LEADER 00000nam  2200349   4500 
001    AAI3355185 
005    20100608092821.5 
008    100608s2009    ||||||||||||||||| ||eng d 
020    9781109134780 
035    (UMI)AAI3355185 
040    UMI|cUMI 
100 1  Chun, Hae Eun 
245 10 Savoring future experiences: Antecedents and effects on 
       evaluations of consumption experiences 
300    152 p 
500    Source: Dissertation Abstracts International, Volume: 70-
       05, Section: A, page: 1721 
500    Advisers: Deborah J. MacInnis; Kristin Diehl 
502    Thesis (Ph.D.)--University of Southern California, 2009 
520    This dissertation examines the concept of savoring and 
       defines it as a state of mindfulness in which consumers 
       appreciate the pleasure they get at the very moment from 
       an outcome or experience. Whereas past research has 
       focused on savoring the present or the past, limited 
       research has studied consumers savoring an experience to 
       be consumed in the future. Focusing on the temporal 
       dimension of the future, this dissertation contributes to 
       the literature by (1) theoretically differentiating 
       savoring from related constructs, (2) identifying factors 
       that impact the extent to which consumers savor the future,
       and (3) examining savoring's impact on consumers' 
       immediate and retrospective evaluations of the savored 
       experience. It also (4) studies whether and how 
       expectations about the valence of the future experience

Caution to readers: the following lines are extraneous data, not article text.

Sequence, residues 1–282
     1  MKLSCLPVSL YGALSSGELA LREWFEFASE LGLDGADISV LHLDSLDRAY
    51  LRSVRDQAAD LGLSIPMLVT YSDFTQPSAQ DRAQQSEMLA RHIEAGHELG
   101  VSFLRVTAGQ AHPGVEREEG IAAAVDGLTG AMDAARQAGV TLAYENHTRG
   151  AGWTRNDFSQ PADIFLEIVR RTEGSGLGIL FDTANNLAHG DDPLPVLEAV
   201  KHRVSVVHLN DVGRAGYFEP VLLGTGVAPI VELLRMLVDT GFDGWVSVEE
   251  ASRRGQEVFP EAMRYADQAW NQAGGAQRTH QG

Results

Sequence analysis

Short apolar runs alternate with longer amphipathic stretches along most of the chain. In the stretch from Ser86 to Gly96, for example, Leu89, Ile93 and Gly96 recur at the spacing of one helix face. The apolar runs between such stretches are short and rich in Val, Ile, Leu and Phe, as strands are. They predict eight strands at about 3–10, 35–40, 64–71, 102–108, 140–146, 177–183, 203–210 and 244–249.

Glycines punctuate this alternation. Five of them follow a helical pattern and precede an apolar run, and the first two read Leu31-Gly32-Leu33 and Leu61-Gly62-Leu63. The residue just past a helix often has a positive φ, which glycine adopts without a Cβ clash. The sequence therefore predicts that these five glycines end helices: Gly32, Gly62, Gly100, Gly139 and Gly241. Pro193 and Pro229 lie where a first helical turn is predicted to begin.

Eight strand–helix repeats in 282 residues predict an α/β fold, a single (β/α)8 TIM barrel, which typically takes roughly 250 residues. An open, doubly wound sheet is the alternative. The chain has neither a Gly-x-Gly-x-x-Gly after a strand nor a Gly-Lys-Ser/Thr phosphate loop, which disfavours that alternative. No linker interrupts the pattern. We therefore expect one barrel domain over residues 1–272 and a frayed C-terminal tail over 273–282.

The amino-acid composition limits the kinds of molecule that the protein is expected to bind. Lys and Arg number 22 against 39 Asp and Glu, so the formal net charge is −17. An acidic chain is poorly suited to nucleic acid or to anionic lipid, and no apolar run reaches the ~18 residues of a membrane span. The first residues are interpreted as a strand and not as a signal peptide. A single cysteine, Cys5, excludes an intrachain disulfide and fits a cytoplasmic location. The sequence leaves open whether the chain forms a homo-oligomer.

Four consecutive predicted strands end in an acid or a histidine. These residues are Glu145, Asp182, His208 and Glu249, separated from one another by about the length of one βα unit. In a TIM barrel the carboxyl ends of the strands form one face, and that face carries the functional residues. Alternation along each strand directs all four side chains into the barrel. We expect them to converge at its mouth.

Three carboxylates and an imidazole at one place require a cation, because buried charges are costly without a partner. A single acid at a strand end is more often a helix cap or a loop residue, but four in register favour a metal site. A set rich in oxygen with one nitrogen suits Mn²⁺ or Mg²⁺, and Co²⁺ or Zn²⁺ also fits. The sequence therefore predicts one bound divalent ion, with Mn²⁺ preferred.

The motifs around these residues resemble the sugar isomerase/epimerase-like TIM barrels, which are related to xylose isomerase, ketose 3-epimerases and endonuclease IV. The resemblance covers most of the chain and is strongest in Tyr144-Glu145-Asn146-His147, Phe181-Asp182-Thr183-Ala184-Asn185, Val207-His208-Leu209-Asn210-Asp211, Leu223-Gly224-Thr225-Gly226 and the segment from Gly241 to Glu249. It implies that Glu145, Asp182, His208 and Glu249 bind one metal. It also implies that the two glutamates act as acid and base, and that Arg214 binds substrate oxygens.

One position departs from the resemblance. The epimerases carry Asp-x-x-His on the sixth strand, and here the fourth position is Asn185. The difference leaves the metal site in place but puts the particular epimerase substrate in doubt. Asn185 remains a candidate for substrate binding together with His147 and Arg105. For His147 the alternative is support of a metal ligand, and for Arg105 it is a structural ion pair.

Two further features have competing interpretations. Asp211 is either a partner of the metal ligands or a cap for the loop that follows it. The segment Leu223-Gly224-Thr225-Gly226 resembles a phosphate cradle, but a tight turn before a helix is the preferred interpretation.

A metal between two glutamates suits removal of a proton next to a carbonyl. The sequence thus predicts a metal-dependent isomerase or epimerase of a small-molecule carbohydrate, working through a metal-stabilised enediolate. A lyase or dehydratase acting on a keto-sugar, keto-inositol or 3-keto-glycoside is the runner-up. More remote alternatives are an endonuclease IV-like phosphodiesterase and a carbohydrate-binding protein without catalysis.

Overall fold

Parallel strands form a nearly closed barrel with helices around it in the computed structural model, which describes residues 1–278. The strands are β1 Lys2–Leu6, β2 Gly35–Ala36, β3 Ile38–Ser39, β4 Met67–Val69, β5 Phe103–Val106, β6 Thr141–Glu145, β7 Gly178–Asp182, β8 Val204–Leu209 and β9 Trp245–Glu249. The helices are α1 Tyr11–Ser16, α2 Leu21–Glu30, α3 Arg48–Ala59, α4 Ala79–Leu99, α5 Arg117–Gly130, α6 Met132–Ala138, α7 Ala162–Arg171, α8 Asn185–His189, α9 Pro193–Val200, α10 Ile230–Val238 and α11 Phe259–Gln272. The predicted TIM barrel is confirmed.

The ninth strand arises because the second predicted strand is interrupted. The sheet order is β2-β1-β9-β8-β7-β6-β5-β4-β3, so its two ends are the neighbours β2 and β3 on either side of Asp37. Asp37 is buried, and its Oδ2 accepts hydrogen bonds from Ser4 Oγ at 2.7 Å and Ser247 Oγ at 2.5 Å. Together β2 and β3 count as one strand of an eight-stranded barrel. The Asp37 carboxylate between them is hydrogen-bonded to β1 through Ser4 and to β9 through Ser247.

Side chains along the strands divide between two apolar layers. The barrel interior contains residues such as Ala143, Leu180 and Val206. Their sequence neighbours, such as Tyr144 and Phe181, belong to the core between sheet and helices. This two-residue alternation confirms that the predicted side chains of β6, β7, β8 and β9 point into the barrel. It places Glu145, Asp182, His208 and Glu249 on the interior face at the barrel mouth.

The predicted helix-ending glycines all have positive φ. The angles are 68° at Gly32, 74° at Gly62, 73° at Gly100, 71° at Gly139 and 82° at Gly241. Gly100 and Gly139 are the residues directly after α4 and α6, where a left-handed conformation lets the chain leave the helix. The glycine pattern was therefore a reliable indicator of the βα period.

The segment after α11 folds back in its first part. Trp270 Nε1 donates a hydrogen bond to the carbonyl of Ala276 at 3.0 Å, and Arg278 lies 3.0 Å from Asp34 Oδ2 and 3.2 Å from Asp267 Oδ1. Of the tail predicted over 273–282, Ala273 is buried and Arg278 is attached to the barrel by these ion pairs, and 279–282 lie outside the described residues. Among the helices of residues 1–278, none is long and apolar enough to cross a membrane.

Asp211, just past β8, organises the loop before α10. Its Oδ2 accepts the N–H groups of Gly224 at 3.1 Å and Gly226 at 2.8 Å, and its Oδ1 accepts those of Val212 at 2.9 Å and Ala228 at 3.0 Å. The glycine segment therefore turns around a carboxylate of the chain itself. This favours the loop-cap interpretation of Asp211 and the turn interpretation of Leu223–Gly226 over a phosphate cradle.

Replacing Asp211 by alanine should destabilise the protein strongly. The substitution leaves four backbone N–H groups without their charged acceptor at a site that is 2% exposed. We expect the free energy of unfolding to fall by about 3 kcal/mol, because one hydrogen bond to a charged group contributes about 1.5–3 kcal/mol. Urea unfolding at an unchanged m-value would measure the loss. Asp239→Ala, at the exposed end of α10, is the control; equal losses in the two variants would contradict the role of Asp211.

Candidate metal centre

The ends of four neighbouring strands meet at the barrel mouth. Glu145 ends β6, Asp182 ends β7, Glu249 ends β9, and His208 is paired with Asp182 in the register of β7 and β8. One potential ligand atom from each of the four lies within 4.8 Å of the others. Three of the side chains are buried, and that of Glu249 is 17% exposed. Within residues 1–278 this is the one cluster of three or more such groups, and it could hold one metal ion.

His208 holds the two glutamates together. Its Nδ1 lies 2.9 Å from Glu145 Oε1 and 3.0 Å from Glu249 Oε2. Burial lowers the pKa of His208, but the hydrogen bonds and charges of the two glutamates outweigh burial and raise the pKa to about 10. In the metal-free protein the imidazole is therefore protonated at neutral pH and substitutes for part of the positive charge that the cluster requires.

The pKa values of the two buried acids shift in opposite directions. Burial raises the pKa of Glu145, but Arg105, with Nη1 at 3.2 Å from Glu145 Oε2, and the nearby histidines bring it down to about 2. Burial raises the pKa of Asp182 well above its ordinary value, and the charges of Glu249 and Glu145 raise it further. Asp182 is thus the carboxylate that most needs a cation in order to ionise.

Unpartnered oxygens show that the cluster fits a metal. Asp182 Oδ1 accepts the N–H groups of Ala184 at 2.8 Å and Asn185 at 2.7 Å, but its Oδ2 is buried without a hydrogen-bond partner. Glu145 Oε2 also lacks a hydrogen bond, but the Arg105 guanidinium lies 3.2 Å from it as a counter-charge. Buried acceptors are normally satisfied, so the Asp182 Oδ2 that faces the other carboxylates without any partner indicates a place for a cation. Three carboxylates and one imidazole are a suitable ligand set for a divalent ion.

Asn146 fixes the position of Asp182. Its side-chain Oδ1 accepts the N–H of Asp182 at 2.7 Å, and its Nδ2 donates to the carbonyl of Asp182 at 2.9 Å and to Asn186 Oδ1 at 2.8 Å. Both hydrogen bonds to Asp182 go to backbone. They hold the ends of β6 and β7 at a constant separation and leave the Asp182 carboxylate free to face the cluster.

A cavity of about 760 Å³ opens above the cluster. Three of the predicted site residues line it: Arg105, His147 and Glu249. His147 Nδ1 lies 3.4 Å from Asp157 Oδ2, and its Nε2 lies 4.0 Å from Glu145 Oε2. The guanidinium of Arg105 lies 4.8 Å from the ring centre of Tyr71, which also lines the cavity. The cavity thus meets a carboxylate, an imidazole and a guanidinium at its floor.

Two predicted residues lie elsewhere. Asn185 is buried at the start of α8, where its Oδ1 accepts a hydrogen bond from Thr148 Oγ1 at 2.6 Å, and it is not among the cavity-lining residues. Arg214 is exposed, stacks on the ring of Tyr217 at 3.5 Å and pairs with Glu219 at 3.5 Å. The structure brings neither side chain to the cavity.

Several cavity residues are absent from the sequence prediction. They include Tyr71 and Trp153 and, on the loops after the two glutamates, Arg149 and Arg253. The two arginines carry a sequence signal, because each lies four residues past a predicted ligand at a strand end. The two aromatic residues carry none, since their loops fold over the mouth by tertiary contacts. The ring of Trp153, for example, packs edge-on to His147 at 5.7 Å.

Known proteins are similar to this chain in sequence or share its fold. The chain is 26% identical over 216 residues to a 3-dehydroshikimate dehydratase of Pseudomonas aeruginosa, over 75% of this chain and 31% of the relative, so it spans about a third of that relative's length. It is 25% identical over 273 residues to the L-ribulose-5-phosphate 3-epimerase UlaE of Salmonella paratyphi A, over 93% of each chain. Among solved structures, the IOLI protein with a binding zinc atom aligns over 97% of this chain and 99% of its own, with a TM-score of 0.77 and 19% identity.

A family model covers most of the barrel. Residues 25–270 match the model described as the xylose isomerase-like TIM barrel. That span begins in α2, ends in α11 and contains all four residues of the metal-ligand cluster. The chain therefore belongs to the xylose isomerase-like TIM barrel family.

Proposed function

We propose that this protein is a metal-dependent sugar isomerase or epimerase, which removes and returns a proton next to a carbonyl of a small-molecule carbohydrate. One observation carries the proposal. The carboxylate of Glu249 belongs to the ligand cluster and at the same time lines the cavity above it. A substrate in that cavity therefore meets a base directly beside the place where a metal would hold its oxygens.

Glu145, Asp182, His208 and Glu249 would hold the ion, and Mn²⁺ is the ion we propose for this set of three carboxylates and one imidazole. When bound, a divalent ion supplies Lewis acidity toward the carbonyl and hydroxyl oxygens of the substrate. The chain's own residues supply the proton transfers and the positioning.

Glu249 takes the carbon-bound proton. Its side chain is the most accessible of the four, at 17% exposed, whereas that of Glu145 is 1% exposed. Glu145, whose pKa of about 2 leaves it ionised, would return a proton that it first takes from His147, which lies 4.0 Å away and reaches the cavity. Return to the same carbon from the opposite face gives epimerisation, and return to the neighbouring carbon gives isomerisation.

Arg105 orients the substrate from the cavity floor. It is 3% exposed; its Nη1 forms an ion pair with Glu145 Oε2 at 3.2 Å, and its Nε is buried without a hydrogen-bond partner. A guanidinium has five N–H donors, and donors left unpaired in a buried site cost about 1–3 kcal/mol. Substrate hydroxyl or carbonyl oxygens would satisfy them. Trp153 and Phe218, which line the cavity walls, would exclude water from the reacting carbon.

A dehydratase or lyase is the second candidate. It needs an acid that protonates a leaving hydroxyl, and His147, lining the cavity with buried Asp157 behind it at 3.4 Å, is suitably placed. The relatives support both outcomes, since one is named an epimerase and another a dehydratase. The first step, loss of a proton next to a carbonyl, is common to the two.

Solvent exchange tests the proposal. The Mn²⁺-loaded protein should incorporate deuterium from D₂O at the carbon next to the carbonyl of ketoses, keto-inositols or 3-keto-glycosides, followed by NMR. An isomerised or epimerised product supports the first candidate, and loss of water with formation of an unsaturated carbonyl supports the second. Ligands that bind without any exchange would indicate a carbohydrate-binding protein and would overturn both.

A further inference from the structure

play a role in this process. Finally, this dissertation 
       (5) examines whether savoring leads to more positive 
       evaluations even when consumption experiences are worse 
       than expected 
520    Four empirical studies find that the more consumers savor 
       a future consumption experience the more positively they 
       evaluate it and the more positively they remember it. The 
       results also show that having time available to think 
       about the future is a necessary but not sufficient 
       condition for savoring to occur. Consumers must also use 
       the available time to enjoy thinking about the future. 
       Having sufficient time but using that time to merely 
       "wait" for the experience will not induce savoring and its
       effects (Study 2). Consumers must also have sufficient 
       information regarding the future experience (Study 3) in 
       order to savor the future. Savoring the future not only 
       enhances current and retrospective evaluations of the 
       savored experience, it also enhances expectations about 
       the valence of the future experience (i.e., it will be 
       better). Importantly though, savoring does not impact 
       immediate and retrospective evaluations by affecting 
       expectations themselves. Savoring is also found to 
       positively affect evaluations even when the experience 
       turns out to be not nearly as good and is thus negatively 
       disconfirmed (Study 4). Combined, this research 
       demonstrates that savoring has a significant and 
       consistent effect on evaluations 
590    School code: 0208 
650  4 Business Administration, Marketing 
690    0338 
710 2  University of Southern California.|bBusiness 
       Administration 
773 0  |tDissertation Abstracts International|g70-05A 
856 40 |uhttp://pqdd.sinica.edu.tw/twdaoapp/servlet/
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